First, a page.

Edwin Holt Bowling, born in 1868, was one of the more than a dozen children of Captain William Bowling (1817-1907), a former Confederate soldier, prosperous farmer, and gristmill owner from Red Mountain (later Rougemont). Edwin, named for the Bowling's family physician, Dr. Edwin Holt, was educated at Wake Forest and at The College of Physicians and Surgeons in Baltimore (the precursor to Johns Hopkins University). By 1904, he had established a medical practice in Durham. Dr. E.H. Bowling, M.D. played a prominent role in Durham medical, political, and business history for decades. Although best known for his role in treating and writing about the disease of pellagra among his millworker patients (in the Durham city directory of 1924, Dr. Bowling's listing incuded the word "Pellagra" in bold type next to his name), he also served in 1903-04 as deputy tax collector for the city of Durham, in 1907-08 as an alderman, ran as the Republican candidate for the NC Senate in 1910, started the Bowling-Emory Knitting Mill (1916-1919), and invested in real estate all over the city.
Dr. Bowling was widowed for the second time in 1936. He had lived in numerous residences throughout his family life in Durham and had changed medical offices almost as frequently as he and his family changed houses, but he was living with the youngest of his five sons, Dr. Howard Bowling, at 1224 Miami Blvd. and practicing medicine in an office near his son's dental office in the Depositors National Bank Building, 123 West Main, when in 1940, at the age of 72, he married Miss Ada Hesse, age 59.
Ada Hesse was the oldest of the 11 children of Celia Christopher Hesse (1862-1900) and Julius Addison Hessee (1856-1943) who owned a furniture store at 206 N. Corcoran St. and later at 407 N. Mangum St. By 1925, Ada had acquired a business of her own, becoming proprietress of a well-known 12-room boarding house at 202 N. Roxboro Rd. called The Afton Inn. In the 1929 Durham city directory, her younger divorced sister, Nettie Hessee McClenny, is listed as a resident there, and the 1930 census lists Nettie and her four daughters living in The Afton Inn with Ada and her seven paying lodgers.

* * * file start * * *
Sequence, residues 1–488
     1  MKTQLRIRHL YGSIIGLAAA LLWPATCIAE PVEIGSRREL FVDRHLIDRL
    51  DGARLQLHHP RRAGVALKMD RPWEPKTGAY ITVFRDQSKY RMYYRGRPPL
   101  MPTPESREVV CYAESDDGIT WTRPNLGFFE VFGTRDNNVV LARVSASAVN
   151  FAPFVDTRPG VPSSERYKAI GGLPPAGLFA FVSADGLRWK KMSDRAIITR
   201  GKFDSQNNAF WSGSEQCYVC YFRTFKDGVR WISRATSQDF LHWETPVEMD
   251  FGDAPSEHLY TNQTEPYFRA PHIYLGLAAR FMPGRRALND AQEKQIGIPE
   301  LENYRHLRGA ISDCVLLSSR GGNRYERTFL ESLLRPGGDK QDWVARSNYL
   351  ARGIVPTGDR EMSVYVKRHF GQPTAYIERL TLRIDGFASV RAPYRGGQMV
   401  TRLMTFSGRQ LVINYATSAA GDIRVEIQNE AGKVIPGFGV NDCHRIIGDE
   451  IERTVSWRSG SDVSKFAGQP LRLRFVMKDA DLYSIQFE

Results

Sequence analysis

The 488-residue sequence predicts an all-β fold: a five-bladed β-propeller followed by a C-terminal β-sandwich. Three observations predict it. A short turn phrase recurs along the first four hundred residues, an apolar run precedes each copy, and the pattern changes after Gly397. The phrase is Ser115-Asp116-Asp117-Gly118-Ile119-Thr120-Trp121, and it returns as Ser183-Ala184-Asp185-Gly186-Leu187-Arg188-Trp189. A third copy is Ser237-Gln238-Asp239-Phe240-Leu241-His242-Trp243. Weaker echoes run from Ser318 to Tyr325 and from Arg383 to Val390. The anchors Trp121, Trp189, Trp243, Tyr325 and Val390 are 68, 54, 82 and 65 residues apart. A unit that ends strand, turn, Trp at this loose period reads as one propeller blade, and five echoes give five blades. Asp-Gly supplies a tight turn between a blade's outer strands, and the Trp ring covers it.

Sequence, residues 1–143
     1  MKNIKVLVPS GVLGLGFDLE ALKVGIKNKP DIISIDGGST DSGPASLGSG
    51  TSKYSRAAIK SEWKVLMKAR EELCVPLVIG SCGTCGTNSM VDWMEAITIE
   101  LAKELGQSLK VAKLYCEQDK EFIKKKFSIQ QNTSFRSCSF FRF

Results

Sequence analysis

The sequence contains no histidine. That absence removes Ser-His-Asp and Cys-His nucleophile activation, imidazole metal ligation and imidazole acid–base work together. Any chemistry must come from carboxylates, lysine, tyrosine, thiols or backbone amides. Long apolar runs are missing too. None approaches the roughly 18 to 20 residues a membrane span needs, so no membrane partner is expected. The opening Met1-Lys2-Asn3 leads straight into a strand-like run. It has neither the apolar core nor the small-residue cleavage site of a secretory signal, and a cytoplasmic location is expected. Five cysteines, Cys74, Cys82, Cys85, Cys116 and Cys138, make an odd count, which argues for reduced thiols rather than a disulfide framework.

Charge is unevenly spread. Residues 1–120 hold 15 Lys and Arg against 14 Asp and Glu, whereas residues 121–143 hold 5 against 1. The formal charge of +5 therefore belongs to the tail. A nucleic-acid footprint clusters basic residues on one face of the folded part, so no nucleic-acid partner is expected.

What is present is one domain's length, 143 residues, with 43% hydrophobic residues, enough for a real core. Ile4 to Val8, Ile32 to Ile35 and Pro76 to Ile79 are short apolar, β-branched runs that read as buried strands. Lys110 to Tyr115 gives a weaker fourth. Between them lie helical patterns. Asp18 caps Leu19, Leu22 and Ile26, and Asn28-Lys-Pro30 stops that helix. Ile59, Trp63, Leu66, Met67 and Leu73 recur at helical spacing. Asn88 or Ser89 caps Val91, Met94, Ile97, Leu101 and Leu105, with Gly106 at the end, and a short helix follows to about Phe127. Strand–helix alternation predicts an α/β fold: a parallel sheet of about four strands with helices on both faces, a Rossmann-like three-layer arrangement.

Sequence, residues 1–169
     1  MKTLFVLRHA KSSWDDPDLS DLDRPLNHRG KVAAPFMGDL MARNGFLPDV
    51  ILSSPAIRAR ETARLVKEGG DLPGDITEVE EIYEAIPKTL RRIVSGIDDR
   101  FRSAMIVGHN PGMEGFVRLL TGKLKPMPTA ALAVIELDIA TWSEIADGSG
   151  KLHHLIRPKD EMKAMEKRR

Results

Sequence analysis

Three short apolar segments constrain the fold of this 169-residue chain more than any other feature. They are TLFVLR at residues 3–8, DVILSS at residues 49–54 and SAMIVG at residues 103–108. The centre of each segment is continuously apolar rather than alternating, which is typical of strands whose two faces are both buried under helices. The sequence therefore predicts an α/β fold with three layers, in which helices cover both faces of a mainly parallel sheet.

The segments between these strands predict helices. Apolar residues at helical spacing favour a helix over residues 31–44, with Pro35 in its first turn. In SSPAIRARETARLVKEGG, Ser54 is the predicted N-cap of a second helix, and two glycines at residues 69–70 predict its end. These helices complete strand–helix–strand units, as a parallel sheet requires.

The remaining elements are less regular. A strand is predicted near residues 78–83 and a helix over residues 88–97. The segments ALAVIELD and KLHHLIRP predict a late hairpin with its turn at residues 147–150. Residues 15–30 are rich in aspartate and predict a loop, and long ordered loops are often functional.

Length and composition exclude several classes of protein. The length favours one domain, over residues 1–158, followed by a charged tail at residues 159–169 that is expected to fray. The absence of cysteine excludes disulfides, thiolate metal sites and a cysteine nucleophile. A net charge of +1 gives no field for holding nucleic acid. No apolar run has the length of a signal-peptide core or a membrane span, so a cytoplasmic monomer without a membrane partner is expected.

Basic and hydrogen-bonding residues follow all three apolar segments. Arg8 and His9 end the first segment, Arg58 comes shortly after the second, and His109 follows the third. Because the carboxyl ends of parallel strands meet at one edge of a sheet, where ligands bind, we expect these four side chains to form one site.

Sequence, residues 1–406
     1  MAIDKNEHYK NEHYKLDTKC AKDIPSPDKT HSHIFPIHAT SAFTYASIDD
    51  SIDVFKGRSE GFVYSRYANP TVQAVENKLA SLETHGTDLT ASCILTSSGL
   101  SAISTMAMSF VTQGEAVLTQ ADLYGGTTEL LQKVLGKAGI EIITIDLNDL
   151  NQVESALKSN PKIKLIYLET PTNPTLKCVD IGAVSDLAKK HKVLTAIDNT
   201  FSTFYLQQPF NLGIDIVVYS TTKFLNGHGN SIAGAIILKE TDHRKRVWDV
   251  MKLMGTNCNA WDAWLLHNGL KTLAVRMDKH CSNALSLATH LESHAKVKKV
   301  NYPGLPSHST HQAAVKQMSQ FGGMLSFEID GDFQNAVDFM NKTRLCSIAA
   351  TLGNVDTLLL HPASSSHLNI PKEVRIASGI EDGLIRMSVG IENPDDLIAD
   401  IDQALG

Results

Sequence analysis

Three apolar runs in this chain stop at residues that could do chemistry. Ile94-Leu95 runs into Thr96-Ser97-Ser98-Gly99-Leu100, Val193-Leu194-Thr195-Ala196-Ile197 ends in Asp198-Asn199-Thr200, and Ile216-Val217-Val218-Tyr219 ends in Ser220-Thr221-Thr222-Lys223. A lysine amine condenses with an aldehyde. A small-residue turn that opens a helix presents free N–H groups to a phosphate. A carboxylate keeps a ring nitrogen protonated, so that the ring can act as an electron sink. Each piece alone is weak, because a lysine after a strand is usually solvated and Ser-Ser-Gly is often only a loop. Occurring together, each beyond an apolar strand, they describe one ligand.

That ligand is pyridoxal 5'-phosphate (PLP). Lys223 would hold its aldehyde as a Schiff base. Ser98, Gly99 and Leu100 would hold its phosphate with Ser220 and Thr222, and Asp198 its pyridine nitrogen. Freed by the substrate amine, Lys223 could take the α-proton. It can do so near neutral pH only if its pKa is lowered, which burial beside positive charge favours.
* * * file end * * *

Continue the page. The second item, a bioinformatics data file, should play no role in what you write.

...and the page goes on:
Given Ada's boarding house experience, the Bowlings may have purchased the brick house at 918 N. Mangum St. in 1945 with the idea that they might convert it to a boarding house, as owners of several other homes on Mangum St. had already done. But in 1946, only a year after acquiring the Belvin house, Dr. Bowling died suddenly of a heart attack. That date,1946, is inscribed on a still-existing mosaic plaque bearing the name "Kenloe Manor" that was embedded in the front yard of the property.
It was not, however, until 1952, six years after Dr. Bowling's death, that Ada Hessee Bowling first advertised in the Durham city directory that "furnished rooms" were available to rent at 918 N. Mangum St. Ada Bowling continued to rent rooms there until her own death in 1960. Ada's sister Nettie (and Nettie's second husband, Eugene Howard) then lived in the house and continued to run the property as a boarding house until Nettie's death in 1965, when the ownership of the house descended to Nettie's four daughters.
In 1967, the property was sold to Nina Jannetta, whose father Pete Jannetta had acquired and repaired the neglected old Flintom house next door. Nina Jannetta Rota and her husband Samuel P. Rota, a carpenter by trade like her father, raised their family at 918 N. Mangum St., then sold the house in 1981 to an electrician named Frank L. Byrd, who lived in the house until 1994. After 1994, the Orren Belvin house, now a boarding house named Kenloe Manor, changed hands three times more and then was left empty and abandoned before it was purchased in August, 2003 by the present owners.
The new owners of 918 N. Mangum St. took on the challenge of painstaking renovation of the house, converting it back to a single-family dwelling, removing decades of sometimes makeshift later additions (like the small upstairs kitchen that had been added for the use of second-floor lodgers), and restoriing original architectural features--such as the old glass-fronted kitchen cabinet that they discovered in one of the boarding house bedrooms.
By May, 2004, the owners had received a Pyne Award of the Historic Preservation Society of Durham for their determined renovation efforts. Carrie Mowry, in her Herald-Sun article of May 29, 2004 about the Pyne Awards, praised them for "careful and artful consideration" in melding the original 1920's interior with their own aesthetic.